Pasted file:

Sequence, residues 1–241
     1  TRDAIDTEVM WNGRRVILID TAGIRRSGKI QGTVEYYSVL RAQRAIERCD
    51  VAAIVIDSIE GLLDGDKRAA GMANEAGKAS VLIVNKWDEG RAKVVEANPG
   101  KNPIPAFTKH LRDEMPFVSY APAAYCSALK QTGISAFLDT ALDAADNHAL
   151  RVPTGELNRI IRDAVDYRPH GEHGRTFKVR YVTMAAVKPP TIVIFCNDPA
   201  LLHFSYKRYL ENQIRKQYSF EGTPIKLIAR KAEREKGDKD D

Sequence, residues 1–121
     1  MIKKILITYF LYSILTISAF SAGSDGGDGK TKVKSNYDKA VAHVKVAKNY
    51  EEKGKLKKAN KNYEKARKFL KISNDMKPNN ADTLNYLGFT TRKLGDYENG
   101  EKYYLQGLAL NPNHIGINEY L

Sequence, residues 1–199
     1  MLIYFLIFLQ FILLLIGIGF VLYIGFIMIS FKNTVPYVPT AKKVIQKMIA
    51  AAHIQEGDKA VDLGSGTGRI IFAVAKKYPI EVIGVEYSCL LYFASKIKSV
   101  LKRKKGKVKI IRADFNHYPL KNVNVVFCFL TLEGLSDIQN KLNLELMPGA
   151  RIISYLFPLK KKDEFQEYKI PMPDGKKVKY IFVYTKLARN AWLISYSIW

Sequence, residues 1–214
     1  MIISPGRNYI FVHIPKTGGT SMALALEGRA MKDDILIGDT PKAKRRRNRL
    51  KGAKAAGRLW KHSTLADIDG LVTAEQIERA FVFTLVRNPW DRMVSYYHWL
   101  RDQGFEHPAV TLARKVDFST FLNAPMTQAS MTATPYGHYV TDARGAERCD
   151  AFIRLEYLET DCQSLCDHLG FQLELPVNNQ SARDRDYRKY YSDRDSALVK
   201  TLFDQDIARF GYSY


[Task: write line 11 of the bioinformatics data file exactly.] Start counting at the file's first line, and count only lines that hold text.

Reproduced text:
Sequence, residues 1–199